The puzzle difficulty is also lacking somewhat. There are a few brain benders, but most come down to tedious "point A to point B" types of puzzles. You’re given the ability to ‘Spirit walk’ earlier in the game which allows your spirit to leave your body and walk through trip lasers and force fields unharmed. While an innovative and fun idea, it also makes a lot of the puzzles overly simple. Generally when faced with a situation where you simply cannot continue, you just spirit walk and the problem is solved; it’s not exactly advanced theory. If you’re already knee deep in this game and FPS games in general, you won’t find any of this too concerning as it’s mostly an action game, but good puzzles provide a few nice respites in a game, so they’re usually a plus.

The sound in Prey is a notch in Human Head Studios’ belt. Everything is produced in perfect surround with just the right amount of ambient tension. Classical scoring and top notch sound effects (like hissing steam, collapsing bodies, and cracking windows) sound incredible in the game. The soundtrack is also occasionally broken up by semi-modern rock and alternative hits like "Don’t Fear the Reaper" which are surprisingly fitting when heard. How well the game sounds is, of course, dependent on your sound setup. But with the right home theater system hooked up to your 360, you shouldn’t have any complaints — except the ones from your neighbors.

Since this is the 360 version of the game I suppose it’s only fair to cover what makes the console version different than the PC one. To sum it up, not much. The loading screens are updated for the 360, and there are unlockable achievements like scoring highly in mini-games or completing the game on the unlockable difficulty mode. The multiplayer experience is modified for the 360’s unique voice chat, but on console or PC the multiplayer is FUN. It is a whole new ballgame when your enemy could be anywhere (even right above you!) or coming out of the walls. The 360 seems to handle the advanced graphics with aplomb, and there are hardly any hiccups in frame rates. The advantage still lies with PC’s, though, and their switchable resolutions and potentially better graphics depending on your set up. Other than that, you’re not really losing out either way.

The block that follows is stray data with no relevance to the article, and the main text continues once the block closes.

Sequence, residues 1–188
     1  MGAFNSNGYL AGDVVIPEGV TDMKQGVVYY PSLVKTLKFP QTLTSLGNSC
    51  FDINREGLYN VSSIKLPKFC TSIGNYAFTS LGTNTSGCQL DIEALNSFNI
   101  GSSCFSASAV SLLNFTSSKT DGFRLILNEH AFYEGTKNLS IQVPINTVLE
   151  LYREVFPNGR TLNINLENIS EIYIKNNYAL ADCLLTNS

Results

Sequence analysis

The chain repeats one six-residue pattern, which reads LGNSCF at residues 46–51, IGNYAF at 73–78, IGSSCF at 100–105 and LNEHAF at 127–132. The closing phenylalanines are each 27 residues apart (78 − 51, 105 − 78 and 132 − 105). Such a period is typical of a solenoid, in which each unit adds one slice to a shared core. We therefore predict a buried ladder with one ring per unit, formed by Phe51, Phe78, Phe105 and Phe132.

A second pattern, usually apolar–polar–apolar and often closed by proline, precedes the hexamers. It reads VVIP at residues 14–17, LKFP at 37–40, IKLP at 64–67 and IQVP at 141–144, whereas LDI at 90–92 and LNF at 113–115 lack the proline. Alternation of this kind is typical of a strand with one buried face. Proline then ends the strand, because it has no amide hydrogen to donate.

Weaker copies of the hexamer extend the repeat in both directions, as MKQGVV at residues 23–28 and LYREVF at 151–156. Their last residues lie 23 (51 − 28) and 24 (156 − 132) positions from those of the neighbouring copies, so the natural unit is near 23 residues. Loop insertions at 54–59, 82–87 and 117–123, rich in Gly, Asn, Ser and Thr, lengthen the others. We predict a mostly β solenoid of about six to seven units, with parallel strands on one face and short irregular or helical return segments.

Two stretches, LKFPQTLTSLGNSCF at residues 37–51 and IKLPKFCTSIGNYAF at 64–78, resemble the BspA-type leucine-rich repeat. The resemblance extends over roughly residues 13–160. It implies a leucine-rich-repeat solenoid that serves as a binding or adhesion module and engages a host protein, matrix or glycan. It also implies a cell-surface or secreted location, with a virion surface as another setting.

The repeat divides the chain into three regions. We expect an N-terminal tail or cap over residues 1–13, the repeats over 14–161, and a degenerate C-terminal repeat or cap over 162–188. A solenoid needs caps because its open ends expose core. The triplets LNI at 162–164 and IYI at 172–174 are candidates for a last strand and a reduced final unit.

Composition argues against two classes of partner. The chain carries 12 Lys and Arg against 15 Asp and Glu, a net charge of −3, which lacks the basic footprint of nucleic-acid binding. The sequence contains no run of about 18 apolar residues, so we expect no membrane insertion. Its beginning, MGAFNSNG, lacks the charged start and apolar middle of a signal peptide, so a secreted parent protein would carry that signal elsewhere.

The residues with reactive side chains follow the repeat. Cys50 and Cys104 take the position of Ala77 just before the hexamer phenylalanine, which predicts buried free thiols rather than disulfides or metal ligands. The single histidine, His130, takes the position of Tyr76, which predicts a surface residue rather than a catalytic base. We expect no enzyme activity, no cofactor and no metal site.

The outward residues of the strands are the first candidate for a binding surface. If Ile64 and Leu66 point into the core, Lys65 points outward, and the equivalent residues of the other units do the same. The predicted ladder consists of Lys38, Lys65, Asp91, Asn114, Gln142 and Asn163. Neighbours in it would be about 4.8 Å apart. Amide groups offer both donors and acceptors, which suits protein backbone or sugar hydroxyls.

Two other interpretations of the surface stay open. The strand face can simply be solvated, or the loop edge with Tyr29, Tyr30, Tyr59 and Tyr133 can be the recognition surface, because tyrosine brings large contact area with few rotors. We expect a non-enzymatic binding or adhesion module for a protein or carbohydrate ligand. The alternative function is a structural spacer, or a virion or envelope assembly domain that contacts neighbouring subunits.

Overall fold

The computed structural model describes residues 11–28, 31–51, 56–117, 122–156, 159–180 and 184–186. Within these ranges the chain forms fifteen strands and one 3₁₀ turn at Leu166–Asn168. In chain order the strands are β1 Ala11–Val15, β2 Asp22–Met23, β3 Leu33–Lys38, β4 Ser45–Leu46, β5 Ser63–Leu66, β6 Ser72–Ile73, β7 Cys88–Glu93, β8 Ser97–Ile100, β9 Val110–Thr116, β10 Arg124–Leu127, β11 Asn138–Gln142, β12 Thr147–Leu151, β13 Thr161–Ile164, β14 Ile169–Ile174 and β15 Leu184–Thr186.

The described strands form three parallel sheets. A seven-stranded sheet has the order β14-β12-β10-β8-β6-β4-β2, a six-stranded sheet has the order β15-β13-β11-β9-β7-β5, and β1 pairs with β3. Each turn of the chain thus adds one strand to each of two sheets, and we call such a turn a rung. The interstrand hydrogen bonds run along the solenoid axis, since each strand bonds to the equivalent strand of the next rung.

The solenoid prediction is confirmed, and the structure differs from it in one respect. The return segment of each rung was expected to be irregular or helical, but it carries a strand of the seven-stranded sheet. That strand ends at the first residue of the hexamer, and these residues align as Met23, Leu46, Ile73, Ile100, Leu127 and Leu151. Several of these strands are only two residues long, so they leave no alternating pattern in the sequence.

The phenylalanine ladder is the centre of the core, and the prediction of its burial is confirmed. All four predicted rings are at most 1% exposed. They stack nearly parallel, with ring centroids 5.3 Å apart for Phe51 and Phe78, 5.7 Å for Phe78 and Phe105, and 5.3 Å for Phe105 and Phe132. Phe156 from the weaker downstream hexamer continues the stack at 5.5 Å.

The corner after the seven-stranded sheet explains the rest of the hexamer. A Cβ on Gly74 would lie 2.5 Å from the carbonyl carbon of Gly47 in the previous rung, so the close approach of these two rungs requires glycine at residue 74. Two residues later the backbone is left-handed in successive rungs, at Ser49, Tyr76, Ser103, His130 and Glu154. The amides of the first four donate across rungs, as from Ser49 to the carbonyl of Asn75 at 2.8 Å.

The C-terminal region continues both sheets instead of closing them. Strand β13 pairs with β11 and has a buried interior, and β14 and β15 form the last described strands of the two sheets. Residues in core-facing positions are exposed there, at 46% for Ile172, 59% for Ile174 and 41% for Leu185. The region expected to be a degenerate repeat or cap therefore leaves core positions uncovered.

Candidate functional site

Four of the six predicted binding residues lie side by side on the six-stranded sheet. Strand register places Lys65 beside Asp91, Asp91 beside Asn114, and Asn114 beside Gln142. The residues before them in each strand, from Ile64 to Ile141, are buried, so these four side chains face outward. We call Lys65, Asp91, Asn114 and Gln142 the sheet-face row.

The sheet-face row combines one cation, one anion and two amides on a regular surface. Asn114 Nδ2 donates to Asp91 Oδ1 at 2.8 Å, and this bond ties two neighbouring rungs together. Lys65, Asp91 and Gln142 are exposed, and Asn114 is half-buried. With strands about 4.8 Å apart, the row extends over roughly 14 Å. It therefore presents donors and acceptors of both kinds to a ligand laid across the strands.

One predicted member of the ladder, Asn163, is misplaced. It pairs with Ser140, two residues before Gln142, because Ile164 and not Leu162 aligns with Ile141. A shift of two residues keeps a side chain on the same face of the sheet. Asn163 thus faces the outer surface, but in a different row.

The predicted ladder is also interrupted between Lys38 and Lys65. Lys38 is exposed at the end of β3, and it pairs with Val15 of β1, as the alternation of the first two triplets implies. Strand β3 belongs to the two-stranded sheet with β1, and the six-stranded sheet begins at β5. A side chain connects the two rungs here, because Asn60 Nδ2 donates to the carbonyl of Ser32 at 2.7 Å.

When you break down all its components, Prey really does strike a few chords and come up with some completely new (and fun) concepts. However, the overall feeling that you’re given throughout the game is that these concepts weren’t as fully explored as they could have been. The developers really could have done more, or made a longer game, as you’ll be lucky to get 10 hours of gameplay if you take in the sights. Don’t get me wrong, this game does get going fast and plummets you forward with some impressive "WTF!" moments and some truly innovative ideas. But the whole thing is over far too quickly, and it feels somewhat hollow when it’s all said and done. The weapons don’t get as much of a workout as I hoped, the enemies never really get too hard, the puzzles are a bit blah, and you can’t really die or get a Game Over. From a perspective outside the nitpicking, it’s a really fun game; it’s scary, fast, brutal, and very well executed. In the end, I can recommend picking this up. Despite its shortcomings, it’s still one of the first really good games for the 360, and definitely worth playing. It’s not perfect, but it’s damn close at times.


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Author: GamerNode Staff View all posts by